Human brain endothelial cells and astrocytes produce IL-1β but not IL-10

E. Corsini, A. Dufour, E. Ciusani, M. Gelati, S. Frigerio, A. Gritti, L. Cajola, G. L. Mancardi, G. Massa, A. Salmaggi

Research output: Contribution to journalArticle

35 Citations (Scopus)

Abstract

The ability of human brain endothelial cells to produce mRNA for interleukin-10, and release IL-10 in culture supernatants after in vitro stimulation with LPS, TNF-α and γ-IFN was assessed and compared to that of astrocytes, peripheral blood mononuclear cells and human umbilical vein endothelial cells. IL-1β and β2-microglobulin release were also analysed. IL-10 and TNF-α mRNA presence was investigated in normal brain as well as in three plaques from two multiple sclerosis patients. While increased IL-1β and β2-microglobulin release in the supernatants of stimulated cells could be detected in all the studied cell lineages, IL-10 mRNA and protein release was only seen in LPS-stimulated PBMNCs. Similarly, mRNA for IL-10 was not detected in CNS tissues, while TNF-α was present in all plaques. The lack of production of significant amounts of IL-10 by astrocytes and human brain endothelial cells suggests that these cells may not be the primary source of in vivo IL-10-mediated down-regulation of immune reactions within the central nervous system.

Original languageEnglish
Pages (from-to)506-511
Number of pages6
JournalScandinavian Journal of Immunology
Volume44
Issue number5
Publication statusPublished - 1996

Fingerprint

Interleukin-1
Astrocytes
Interleukin-10
Endothelial Cells
Brain
Messenger RNA
Interleukin-2
Human Umbilical Vein Endothelial Cells
Cell Lineage
Multiple Sclerosis
Blood Cells
Down-Regulation
Central Nervous System
Proteins

ASJC Scopus subject areas

  • Immunology

Cite this

Human brain endothelial cells and astrocytes produce IL-1β but not IL-10. / Corsini, E.; Dufour, A.; Ciusani, E.; Gelati, M.; Frigerio, S.; Gritti, A.; Cajola, L.; Mancardi, G. L.; Massa, G.; Salmaggi, A.

In: Scandinavian Journal of Immunology, Vol. 44, No. 5, 1996, p. 506-511.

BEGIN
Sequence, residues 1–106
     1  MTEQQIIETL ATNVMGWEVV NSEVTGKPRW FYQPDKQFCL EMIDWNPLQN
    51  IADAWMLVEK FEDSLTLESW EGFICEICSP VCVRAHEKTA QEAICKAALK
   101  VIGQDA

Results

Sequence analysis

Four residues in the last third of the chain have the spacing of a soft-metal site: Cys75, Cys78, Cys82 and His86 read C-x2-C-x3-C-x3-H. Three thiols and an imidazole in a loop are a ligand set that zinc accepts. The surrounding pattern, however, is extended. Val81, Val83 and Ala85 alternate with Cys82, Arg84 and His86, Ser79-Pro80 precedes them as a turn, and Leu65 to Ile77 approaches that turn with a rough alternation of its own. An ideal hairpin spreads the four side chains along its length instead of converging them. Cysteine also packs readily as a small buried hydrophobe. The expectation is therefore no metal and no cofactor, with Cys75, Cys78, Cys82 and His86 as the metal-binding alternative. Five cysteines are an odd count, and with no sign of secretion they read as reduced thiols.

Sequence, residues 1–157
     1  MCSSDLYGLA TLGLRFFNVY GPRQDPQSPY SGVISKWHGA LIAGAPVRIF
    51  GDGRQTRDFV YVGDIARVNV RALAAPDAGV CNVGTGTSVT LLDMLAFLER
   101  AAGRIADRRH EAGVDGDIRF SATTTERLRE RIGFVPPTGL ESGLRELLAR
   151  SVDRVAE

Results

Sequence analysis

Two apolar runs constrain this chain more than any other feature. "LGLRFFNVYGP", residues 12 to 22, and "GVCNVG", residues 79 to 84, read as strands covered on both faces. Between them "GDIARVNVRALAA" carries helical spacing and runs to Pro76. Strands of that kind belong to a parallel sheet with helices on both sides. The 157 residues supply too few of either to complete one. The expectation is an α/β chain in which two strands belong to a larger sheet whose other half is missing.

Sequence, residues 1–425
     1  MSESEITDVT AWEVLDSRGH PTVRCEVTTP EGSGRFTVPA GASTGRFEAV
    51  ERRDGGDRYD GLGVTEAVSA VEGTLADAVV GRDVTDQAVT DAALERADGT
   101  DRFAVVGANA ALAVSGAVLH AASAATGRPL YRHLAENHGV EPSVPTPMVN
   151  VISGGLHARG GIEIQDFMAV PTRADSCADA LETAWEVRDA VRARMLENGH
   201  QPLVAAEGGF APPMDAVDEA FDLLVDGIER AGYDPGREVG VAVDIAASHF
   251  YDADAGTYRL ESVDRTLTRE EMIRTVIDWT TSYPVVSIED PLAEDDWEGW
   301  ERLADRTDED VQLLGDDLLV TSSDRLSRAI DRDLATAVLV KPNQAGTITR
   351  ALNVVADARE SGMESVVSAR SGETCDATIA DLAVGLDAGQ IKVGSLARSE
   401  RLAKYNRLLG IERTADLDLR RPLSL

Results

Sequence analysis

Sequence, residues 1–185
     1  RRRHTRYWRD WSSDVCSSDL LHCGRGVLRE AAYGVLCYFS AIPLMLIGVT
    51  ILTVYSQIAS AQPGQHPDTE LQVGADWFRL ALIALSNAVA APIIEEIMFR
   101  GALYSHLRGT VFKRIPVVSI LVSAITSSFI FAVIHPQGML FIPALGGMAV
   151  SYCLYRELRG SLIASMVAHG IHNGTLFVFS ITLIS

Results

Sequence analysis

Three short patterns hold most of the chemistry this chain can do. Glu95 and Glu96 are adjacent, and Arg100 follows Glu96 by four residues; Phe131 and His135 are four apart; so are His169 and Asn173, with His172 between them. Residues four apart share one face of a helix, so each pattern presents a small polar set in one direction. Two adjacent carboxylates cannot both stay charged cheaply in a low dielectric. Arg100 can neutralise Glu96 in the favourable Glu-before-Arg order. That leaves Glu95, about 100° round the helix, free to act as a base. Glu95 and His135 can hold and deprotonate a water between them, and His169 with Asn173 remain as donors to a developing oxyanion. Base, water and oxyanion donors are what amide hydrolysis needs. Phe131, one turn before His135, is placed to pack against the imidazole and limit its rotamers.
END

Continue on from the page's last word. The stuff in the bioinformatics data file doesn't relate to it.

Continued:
Research output: Contribution to journalArticle

Corsini, E. ; Dufour, A. ; Ciusani, E. ; Gelati, M. ; Frigerio, S. ; Gritti, A. ; Cajola, L. ; Mancardi, G. L. ; Massa, G. ; Salmaggi, A. / Human brain endothelial cells and astrocytes produce IL-1β but not IL-10. In: Scandinavian Journal of Immunology. 1996 ; Vol. 44, No. 5. pp. 506-511.
@article{335dc4c2a2d54c10832f1974bb21c60f,
title = "Human brain endothelial cells and astrocytes produce IL-1β but not IL-10",
abstract = "The ability of human brain endothelial cells to produce mRNA for interleukin-10, and release IL-10 in culture supernatants after in vitro stimulation with LPS, TNF-α and γ-IFN was assessed and compared to that of astrocytes, peripheral blood mononuclear cells and human umbilical vein endothelial cells. IL-1β and β2-microglobulin release were also analysed. IL-10 and TNF-α mRNA presence was investigated in normal brain as well as in three plaques from two multiple sclerosis patients. While increased IL-1β and β2-microglobulin release in the supernatants of stimulated cells could be detected in all the studied cell lineages, IL-10 mRNA and protein release was only seen in LPS-stimulated PBMNCs. Similarly, mRNA for IL-10 was not detected in CNS tissues, while TNF-α was present in all plaques. The lack of production of significant amounts of IL-10 by astrocytes and human brain endothelial cells suggests that these cells may not be the primary source of in vivo IL-10-mediated down-regulation of immune reactions within the central nervous system.",